The cases were detected in and adult and an older adult in Jefferson County. IDPH and local public health have initiated contact with the individuals to understand exposures and initiate the public health monitoring process. The process includes notifying anyone with whom the individuals have been in close contact. As always, affected individuals are advised to isolate in accordance with IDPH and CDC guidance.
The case was identified by the State Hygienic Lab (SHL). SHL is doing sequencing to understand what strains are circulating here in Iowa and contribute to the understanding of COVID-19 activity in the United States. Routine analysis of genetic sequence data assisted in identifying the new variant strain in Iowa.
“Getting vaccinated against COVID-19 is the best way to prevent this, or any other currently circulating strain of the virus from spreading through the population. Since the vaccine is now open to all Iowans over the age of 16, we have the opportunity to use this tool to protect ourselves, our loved ones and our communities,” said Dr. Caitlin Pedati, IDPH State Medical Director and Epidemiologist.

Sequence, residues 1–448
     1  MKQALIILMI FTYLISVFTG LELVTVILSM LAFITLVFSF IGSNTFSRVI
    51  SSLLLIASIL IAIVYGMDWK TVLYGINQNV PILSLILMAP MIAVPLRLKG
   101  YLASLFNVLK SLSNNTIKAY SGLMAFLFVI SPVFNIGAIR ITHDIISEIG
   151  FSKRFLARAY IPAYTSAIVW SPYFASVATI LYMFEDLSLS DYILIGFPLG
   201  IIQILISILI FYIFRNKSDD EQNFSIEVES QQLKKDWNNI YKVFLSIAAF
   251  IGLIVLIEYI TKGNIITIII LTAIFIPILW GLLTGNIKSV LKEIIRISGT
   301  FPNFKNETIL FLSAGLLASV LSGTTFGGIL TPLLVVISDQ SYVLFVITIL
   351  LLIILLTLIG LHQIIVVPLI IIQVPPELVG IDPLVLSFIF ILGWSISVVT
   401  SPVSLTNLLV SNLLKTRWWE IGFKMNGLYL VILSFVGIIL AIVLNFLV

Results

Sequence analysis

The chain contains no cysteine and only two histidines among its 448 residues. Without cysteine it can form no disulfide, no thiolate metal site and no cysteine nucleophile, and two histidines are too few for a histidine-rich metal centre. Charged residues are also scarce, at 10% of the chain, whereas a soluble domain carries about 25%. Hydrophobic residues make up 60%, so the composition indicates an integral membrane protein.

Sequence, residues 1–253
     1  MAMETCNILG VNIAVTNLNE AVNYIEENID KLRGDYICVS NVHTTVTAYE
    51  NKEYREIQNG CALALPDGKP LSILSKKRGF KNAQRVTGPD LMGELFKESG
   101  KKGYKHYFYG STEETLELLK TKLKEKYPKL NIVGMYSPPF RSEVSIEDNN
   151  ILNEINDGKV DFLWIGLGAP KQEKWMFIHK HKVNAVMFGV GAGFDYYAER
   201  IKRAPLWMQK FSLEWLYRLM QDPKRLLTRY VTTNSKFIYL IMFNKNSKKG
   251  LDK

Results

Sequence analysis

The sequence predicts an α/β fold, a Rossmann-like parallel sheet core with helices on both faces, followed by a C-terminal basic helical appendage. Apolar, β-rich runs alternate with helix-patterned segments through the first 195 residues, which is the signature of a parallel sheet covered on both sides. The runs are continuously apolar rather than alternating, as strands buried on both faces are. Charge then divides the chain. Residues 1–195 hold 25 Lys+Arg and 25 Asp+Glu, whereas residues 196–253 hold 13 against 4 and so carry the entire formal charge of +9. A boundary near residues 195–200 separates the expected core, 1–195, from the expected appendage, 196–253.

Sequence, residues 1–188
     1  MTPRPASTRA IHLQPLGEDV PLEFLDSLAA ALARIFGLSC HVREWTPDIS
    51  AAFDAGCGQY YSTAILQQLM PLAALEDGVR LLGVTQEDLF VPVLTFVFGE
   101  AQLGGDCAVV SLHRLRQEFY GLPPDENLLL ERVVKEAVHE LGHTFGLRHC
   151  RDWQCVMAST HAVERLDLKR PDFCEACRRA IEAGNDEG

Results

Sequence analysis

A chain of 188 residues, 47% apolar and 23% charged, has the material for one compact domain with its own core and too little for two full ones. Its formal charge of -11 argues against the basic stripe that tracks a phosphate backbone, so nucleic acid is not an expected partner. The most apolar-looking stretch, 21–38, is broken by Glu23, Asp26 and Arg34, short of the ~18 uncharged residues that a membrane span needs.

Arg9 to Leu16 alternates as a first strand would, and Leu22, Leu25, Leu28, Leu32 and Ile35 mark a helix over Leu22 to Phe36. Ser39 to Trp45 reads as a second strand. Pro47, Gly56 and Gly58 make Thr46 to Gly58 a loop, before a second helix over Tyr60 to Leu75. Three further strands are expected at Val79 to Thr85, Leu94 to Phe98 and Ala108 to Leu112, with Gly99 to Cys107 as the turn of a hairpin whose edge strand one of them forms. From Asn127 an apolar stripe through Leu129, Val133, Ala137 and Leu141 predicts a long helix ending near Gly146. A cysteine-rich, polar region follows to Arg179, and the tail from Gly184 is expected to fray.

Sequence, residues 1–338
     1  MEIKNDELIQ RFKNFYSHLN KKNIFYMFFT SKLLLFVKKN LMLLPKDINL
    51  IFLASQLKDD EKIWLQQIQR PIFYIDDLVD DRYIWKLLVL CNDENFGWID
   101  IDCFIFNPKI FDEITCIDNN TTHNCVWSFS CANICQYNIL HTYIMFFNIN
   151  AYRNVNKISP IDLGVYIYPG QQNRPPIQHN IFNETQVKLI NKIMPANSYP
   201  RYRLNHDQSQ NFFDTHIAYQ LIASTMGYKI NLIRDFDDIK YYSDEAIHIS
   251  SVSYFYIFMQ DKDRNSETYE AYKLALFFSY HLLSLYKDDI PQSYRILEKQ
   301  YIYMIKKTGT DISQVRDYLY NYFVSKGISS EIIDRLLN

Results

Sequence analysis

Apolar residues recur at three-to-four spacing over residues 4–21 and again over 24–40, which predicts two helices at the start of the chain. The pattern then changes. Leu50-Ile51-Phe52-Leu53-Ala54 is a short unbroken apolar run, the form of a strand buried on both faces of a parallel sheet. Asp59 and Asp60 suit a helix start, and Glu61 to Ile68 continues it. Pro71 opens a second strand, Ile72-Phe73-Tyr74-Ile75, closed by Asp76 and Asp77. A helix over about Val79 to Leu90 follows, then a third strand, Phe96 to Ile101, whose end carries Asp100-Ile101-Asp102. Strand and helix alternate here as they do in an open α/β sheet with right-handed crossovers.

The Centers for Disease Control (CDC) is tracking COVID-19 variants based on here.
Iowans who have not been vaccinated should visit https://vaccinate.iowa.gov/ to find a provider and schedule an appointment.
The emergence of new variants underscores that it remains critical for Iowans to continue the mitigation efforts that we know work to slow the spread of COVID-19:
Get a COVID-19 vaccine Wear a mask or face covering
Practice social distancing with those outside your household
Clean your hands frequently with soap and water
Stay home if you feel sick Get tested if you are exposed to, or have symptoms of COVID-19
If you have been fully vaccinated for COVID-19, review CDC guidelines here